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Griogio Agamben “Remnants of Auschwitz”

Agamben, Giorgio 1999. Remnants of Auschwitz: The Witness and the Archive (Homo Sacer III). New York: Zone Books

4 – The Archive and the Testimony

If enunciation, as we know, does not refer to the text of what is uttered but to its taking place, if it is nothing other than language’s pure reference to itself as actual discourse, in what sense is it possible to speak of a „semantics“ of enunciation? (137-138)

Like the philosophers’ concept of Being, enunciation is what is most unique and concrete, since it refers to the absolutely singular and unrepresentable event of discourse in act; but at the same time, it is what is most vacuous and generic, since it is always repeated without its ever being possible to assign it any lexical reality. (138)

In other words: enunciation is not a thing determined by real, definite properties; it is, rather, pure existence, the fact that a certain being – language – takes place. Given the system of the sciences and the many knowledges that, inside language, define meaningful sentences and more or less well formed discourses, archaeology claims as its territory the pure taking place of these propositions and discourses, that is, the outside of language, the brute fact of its existence. (139)

What gives his [Foucault’s] inquiry its incomparable efficiency is its refusal to grasp the taking place of language through an „I“, a transcendental consciousness or, worse, and equally mythological psychosomatic „I“. (140)

In truth, to take seriously the statement „I speak“ is no longer to consider language as the communication of a meaning or a truth that originates in a responsible Subject. It is, rather, to conceive of discourse in its pure taking place and of the subject as „a nonexistence in whose emptiness the unending outpouring of language uninterruptedly continues“ (Foucault 1998: 148). In language, enunciation marks a threshold between an inside and outside, its taking place as pure exteriority; and once the principal referent of study becomes statements, the subject is stripped of all substance, becoming a pure function or pure position. (140-141)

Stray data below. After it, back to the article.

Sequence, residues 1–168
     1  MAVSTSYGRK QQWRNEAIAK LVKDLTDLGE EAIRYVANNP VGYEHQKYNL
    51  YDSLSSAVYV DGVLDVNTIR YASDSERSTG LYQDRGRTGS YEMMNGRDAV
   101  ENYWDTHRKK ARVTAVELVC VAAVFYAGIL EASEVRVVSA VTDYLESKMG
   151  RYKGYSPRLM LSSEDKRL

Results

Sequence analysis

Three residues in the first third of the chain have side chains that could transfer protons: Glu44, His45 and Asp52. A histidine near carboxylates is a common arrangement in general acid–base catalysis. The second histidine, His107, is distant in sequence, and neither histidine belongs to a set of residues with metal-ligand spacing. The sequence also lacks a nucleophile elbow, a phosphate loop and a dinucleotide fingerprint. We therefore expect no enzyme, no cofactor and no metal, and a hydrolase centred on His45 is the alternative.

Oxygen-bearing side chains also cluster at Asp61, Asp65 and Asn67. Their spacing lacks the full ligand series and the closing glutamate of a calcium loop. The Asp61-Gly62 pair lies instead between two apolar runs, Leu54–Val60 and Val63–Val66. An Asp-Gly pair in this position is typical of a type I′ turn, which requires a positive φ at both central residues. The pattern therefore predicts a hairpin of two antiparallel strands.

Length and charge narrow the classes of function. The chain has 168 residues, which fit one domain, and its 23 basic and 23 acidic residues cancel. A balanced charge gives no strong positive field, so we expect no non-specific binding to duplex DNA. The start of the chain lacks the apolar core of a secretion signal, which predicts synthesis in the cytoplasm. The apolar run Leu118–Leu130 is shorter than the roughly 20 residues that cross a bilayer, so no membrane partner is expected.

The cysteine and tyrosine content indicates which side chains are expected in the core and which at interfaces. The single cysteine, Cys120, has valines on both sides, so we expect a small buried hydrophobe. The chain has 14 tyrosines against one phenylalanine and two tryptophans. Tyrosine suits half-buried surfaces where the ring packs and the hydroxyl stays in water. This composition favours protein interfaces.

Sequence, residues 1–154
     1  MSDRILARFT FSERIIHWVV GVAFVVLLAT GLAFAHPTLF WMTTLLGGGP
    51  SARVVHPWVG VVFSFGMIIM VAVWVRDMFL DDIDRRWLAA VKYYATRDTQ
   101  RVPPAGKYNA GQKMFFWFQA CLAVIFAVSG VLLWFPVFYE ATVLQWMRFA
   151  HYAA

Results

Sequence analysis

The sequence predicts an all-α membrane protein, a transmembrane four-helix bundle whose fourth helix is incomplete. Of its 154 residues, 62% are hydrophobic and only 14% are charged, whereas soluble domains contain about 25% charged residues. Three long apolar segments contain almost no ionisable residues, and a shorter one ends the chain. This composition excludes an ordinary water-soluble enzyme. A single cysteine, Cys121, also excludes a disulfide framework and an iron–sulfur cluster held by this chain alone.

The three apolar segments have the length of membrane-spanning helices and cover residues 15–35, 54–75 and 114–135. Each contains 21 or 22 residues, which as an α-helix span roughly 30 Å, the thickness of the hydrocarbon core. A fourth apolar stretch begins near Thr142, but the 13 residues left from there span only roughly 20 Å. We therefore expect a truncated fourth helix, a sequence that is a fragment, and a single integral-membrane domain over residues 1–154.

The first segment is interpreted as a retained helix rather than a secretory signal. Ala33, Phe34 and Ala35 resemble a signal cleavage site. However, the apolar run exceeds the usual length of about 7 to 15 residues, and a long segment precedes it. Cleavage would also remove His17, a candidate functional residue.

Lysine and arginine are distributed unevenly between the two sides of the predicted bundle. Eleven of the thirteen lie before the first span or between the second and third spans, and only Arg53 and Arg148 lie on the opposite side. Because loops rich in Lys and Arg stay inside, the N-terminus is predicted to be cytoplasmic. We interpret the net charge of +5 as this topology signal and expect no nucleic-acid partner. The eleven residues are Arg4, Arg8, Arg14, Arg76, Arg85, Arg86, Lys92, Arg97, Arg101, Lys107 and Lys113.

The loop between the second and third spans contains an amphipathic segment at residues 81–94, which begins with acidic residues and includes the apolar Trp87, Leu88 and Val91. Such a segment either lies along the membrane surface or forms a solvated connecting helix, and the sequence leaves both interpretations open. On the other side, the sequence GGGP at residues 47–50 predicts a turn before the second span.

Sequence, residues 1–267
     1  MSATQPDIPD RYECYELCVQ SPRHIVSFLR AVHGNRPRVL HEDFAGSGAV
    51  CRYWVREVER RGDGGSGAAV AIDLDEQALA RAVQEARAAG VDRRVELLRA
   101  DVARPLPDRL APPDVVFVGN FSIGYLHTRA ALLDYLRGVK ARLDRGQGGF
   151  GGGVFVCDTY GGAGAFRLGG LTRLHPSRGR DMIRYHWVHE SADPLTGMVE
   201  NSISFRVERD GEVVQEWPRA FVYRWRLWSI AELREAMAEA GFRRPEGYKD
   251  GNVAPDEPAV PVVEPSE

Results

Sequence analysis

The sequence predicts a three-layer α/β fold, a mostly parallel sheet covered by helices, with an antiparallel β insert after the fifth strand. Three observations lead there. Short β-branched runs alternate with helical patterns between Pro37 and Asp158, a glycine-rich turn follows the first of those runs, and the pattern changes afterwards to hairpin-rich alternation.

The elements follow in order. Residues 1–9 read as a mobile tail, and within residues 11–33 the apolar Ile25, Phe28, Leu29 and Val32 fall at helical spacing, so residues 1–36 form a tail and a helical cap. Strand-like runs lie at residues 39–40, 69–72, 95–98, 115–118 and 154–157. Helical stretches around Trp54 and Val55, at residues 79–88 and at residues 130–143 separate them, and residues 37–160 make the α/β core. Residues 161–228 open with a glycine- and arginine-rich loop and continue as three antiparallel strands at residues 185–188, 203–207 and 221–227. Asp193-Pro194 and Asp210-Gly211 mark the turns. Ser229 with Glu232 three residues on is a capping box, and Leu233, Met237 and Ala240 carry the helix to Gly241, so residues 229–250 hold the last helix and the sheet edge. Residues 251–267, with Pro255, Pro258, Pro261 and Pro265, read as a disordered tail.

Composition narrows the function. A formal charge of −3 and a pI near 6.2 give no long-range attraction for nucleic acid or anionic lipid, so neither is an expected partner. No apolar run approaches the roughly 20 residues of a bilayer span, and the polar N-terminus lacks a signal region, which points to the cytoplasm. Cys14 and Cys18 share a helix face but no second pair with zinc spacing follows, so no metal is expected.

The subject of enunciation, whose dispersion founds the possibility of a metasemantics of knowledges and constitutes statements in a positive system, maintains itself not in a content of meaning but in an event of language; this is why it cannot take itself as an object, stating itself. There can thus be no archaeology of the subject in the sense in which there is an archaology of knowledges. (142)

Foucault gives the name „archive“ to the positive dimension that corresponds to the plane of enunciation, „the general system of the formation and transformation of statements“ (Foucault 1972: 130). (143)

As the set of rules that define events of discourse, the archive is situated between langue, as the system of construction of possible sentences – that is, possibilities of speaking – and the corpus that unifies the set of what has been said, the things actually uttered or written. The archive is thus the mass of the non-semantic inscribed in every meaningful discourse as a function of its enunciation; it is the dark margin encircling and limiting every concrete act of speech. (143-144)

[…] the archive is the unsaid or sayable inscribed in everything said by virtue of being enunciated; it is the fragment of memory that is always forgotten in the act of saying „I“. (144)